Article Text

Download PDFPDF

Measurement scales and their summary statistics

Statistics from

Request Permissions

If you wish to reuse any or all of this article please use the link below which will take you to the Copyright Clearance Center’s RightsLink service. You will be able to get a quick price and instant permission to reuse the content in many different ways.


In any study, observations on each individual are made. These observations vary both between and within individuals and are thus referred to as “variables.” We may summarise the data collected in a study either numerically, in the form of summary statistics, or in tabular or graphical form. The advantage of the first is that individual statistics (such as means or proportions) can be used to summarise the data simply; on the other hand all, or most, of the data can be presented in a table or figure. The appropriate summary method (as well as the statistical analysis) depends on the type of variable and its measurement scale. For example, only if the distribution is approximately normal (symmetrical and bell-shaped) should the mean be used to summarise the data.

There are essentially 2 main types of measurement scales: categorical and numerical (table 1). Categorical variables have a set of labels for category membership (eg, diabetic, non-diabetic); numerical variables are either a count (eg, number of GP visits), a measure on a particular instrument (eg, blood pressure), or a summary score (eg, SF-36 score).

Tabular and graphical presentation

Tables and graphs can present a distribution simply (table 1). For a single categorical variable, the frequency of observations in each category can be tabulated. The graphical equivalent is a bar graph or bar chart. For a numerical variable, a histogram is the simplest way of presenting the data. In order to present the data in a table, unless the scale is very narrow, categories will need to be created representing the number of observations within particular group intervals. The number of observations within each interval is presented in the frequency table, allowing the calculation of both relative frequency (the percentage of observations in each category) and cumulative relative frequency (the percentage of observations in that category or below it).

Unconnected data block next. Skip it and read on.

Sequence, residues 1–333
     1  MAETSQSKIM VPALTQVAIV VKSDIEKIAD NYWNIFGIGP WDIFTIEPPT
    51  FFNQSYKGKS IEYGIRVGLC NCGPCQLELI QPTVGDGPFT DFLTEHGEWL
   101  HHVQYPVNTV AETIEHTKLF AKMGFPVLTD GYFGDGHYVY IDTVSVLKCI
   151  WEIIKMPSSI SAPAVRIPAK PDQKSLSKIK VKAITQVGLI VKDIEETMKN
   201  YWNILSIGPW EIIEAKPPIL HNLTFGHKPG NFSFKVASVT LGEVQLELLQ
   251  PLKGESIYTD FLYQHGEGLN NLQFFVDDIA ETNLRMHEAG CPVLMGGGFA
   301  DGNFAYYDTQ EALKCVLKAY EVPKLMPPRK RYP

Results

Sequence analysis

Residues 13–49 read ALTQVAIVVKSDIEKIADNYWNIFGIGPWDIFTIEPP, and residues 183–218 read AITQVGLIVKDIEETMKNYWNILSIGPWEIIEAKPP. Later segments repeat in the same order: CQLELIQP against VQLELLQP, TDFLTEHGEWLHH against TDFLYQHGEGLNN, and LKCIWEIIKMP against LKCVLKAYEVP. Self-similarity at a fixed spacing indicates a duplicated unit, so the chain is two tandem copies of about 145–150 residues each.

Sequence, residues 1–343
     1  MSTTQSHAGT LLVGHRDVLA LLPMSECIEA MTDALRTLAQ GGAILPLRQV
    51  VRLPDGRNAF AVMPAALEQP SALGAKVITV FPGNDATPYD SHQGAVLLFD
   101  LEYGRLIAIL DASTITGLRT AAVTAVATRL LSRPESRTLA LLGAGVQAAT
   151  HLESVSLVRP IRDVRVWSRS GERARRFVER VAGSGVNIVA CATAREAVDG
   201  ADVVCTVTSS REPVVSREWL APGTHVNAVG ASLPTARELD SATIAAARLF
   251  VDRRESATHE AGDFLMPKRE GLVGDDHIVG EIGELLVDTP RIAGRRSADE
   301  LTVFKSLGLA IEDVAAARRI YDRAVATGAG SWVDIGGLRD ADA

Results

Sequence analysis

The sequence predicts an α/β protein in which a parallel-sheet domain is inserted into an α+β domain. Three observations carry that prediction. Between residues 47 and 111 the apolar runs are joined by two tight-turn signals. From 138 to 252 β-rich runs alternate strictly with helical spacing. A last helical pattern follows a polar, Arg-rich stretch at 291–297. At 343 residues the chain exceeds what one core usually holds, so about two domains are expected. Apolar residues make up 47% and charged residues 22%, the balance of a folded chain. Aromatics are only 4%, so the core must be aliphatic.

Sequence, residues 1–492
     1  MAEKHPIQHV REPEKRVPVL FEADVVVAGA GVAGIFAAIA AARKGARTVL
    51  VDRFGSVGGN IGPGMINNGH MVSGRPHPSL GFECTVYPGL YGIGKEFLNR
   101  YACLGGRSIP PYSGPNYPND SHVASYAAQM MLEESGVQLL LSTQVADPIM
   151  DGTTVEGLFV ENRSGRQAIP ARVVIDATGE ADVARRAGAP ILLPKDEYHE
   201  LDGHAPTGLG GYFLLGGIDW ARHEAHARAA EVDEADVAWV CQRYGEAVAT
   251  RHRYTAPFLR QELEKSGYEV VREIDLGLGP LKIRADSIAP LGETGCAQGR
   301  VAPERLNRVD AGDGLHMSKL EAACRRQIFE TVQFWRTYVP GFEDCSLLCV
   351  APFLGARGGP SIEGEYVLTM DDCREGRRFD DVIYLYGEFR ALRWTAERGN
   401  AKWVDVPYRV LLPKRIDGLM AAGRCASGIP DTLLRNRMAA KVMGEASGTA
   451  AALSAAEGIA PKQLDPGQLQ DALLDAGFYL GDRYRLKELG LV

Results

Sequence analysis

Summary statistics

Both categorical and numerical data can be summarised using summary statistics (table 2). Appropriate summary statistics for categorical data are the number of observations, and their proportion or percentage, in each category. Numerical data are summarised using an “average” value, such as the mean or median, together with a measure of the spread of the observations around this value, such as the range or standard deviation. The mode is only rarely used. The mean and the standard deviation are the most informative measures since they use all the data in their calculation. They should, however, only be used for normally distributed numerical variables since any skewness in the data will also distort the values of the mean and the standard deviation. Non-normally distributed variables should be summarised using the median and either the range or interquartile range.

Embedded Image

Table 1. Types of variable and the graphical and tabular presentation of individual variables (univariate data)

Embedded Image

Table 2. Numerical summary measures—of location (central tendency) and spread